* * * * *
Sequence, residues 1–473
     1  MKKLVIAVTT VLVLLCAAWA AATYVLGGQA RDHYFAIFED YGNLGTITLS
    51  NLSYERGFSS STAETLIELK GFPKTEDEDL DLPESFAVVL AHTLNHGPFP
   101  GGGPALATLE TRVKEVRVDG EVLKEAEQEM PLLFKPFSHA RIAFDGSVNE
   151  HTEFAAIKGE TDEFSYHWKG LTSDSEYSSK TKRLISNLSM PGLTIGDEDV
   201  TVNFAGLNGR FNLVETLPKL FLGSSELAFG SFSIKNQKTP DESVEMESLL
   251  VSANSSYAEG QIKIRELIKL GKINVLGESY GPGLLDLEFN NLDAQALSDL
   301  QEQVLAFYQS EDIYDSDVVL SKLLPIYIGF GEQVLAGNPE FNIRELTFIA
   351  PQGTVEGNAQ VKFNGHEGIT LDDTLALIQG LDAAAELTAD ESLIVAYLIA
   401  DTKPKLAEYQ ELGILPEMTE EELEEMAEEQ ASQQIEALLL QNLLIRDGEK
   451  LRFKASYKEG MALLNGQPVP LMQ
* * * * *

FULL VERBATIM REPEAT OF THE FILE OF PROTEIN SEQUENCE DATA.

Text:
Sequence, residues 1–473
     1  MKKLVIAVTT VLVLLCAAWA AATYVLGGQA RDHYFAIFED YGNLGTITLS
    51  NLSYERGFSS STAETLIELK GFPKTEDEDL DLPESFAVVL AHTLNHGPFP
   101  GGGPALATLE TRVKEVRVDG EVLKEAEQEM PLLFKPFSHA RIAFDGSVNE
   151  HTEFAAIKGE TDEFSYHWKG LTSDSEYSSK TKRLISNLSM PGLTIGDEDV
   201  TVNFAGLNGR FNLVETLPKL FLGSSELAFG SFSIKNQKTP DESVEMESLL
   251  VSANSSYAEG QIKIRELIKL GKINVLGESY GPGLLDLEFN NLDAQALSDL
   301  QEQVLAFYQS EDIYDSDVVL SKLLPIYIGF GEQVLAGNPE FNIRELTFIA
   351  PQGTVEGNAQ VKFNGHEGIT LDDTLALIQG LDAAAELTAD ESLIVAYLIA
   401  DTKPKLAEYQ ELGILPEMTE EELEEMAEEQ ASQQIEALLL QNLLIRDGEK
   451  LRFKASYKEG MALLNGQPVP LMQ